Tag Archives: IMPD

Politics, Budgets and Taxes

The other day, an advocate for the homeless asked me why the needs of the most vulnerable citizens always seem to take a back seat to the demands of sports teams, developers, and bright shiny objects like cricket fields. He attributed this state of affairs to animus against the needy, but–as I told him–I don’t think that’s it. It’s just that politicians respond to pressure from people who show up–people who contact them, who vote and especially people who donate.

The problem we face when allocating public resources is that very few of us who benefit from inequities that unfairly burden others are willing to graciously concede those advantages. It’s too easy to convince ourselves that we are entitled to them.

When the Indiana Supreme Court ruled a few years ago that the system that had yielded grossly unequal property tax assessments for years had to be fixed,  the homeowners who had benefitted from artificially low assessments–and whose taxes had accordingly been  lower than those of folks with far less valuable properties–screamed bloody murder. Rather than sheepishly acknowledging that they’d made out like bandits for years, and that perhaps it was time to pay their fair shares, they saw themselves as victims of a rapacious government and took their revenge by ousting a hapless Mayor who’d had nothing to do with that particular decision.

Fast forward to Mayor Ballard’s proposed budget.

I’ve not been a fan of this Mayor, but his proposed equalization of the tax rate for IMPD is both fair and overdue. For decades, center city folks were taxed to support both the sheriff’s department (which has county-wide jurisdiction) and IPD (which patrolled only the old city limits). When the two departments were combined into IMPD, apparently the tax rates were not adjusted accordingly. As a result, those residing within the old city limits continued to pay more for police protection than those living outside those limits. As I understand it, Ballard’s proposal would equalize the tax and end what has effectively been an unfair subsidy of some citizens by others–and those who’ve benefitted are (predictably) whining about having to pay their fair share.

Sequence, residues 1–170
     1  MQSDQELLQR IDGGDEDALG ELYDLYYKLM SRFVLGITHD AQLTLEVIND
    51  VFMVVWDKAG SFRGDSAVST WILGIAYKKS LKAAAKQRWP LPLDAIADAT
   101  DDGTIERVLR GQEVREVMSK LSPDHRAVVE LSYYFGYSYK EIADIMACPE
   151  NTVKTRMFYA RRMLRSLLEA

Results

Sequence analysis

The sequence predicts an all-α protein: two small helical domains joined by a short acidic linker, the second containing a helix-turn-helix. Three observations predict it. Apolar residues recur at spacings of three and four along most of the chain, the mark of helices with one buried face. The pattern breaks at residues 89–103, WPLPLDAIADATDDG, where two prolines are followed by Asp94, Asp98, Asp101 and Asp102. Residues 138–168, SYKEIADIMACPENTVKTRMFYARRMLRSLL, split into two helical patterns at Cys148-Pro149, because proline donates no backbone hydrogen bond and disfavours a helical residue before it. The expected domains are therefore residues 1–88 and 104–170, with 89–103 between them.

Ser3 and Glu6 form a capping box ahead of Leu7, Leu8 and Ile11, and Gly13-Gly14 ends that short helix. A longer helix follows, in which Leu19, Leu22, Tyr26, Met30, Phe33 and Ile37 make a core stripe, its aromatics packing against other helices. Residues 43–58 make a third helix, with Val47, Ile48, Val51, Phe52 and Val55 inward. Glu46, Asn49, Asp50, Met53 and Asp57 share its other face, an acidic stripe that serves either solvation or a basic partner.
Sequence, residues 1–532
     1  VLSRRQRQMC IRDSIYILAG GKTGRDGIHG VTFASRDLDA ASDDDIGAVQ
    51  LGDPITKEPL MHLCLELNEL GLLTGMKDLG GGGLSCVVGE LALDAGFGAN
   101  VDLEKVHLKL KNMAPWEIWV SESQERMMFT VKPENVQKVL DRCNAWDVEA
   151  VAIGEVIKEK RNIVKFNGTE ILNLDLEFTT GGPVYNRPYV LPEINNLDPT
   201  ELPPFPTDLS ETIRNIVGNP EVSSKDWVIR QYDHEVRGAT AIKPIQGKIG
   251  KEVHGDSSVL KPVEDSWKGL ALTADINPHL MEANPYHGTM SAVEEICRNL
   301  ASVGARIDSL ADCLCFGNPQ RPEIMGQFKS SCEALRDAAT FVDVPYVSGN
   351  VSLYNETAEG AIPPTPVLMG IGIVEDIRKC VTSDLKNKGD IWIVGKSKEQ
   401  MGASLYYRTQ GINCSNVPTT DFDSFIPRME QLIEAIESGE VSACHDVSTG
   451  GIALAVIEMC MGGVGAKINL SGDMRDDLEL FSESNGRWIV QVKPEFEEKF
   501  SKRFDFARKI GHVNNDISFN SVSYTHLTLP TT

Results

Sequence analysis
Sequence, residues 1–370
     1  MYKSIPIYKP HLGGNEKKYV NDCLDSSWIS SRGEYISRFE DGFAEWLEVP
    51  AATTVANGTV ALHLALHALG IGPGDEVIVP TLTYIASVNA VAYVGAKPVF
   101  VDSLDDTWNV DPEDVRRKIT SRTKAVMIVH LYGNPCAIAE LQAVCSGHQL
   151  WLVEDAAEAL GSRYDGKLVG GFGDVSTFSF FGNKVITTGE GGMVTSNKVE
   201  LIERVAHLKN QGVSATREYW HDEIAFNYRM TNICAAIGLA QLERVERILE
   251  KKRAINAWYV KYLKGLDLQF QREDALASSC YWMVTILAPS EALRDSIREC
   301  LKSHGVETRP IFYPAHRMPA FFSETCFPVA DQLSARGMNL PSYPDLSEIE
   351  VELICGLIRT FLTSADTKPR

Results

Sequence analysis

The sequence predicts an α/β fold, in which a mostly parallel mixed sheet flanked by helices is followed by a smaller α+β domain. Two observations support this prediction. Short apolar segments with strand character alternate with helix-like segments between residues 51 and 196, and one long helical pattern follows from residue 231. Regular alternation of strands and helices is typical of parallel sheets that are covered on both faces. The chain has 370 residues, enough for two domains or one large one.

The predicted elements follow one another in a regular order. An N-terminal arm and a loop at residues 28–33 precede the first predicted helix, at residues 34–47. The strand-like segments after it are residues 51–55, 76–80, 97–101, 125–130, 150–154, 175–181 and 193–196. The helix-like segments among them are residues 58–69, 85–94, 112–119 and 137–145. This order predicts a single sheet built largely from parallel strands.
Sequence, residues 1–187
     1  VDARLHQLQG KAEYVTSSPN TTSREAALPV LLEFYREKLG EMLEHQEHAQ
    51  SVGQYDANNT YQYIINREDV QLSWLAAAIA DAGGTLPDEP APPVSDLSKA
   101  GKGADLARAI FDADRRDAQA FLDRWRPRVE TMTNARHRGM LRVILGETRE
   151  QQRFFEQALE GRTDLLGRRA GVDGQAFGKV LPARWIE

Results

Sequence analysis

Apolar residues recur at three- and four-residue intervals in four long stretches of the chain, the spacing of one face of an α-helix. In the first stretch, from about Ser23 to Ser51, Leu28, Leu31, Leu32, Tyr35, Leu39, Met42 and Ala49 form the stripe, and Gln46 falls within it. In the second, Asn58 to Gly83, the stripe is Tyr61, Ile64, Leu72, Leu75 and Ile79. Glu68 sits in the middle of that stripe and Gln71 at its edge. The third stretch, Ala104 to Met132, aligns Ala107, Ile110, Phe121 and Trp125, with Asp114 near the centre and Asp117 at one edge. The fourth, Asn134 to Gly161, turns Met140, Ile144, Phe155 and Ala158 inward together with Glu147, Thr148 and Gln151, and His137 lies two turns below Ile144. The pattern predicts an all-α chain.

Since this post is likely to make me even more unpopular than I already am, I will add that I also support the Mayor’s proposal to eliminate the homestead credit in order to pay for the addition of desperately needed police.

Would I prefer that we shift funds from cricket fields and sports teams and too-generous subsidies to the Mayor’s developer buddies instead? Of course.  Is that likely to happen? Not in my lifetime.  Let’s recognize that politics is the art of the possible, and address our public safety deficit before crime rates that approach Detroit’s undermine every other thing we are trying to do in our city.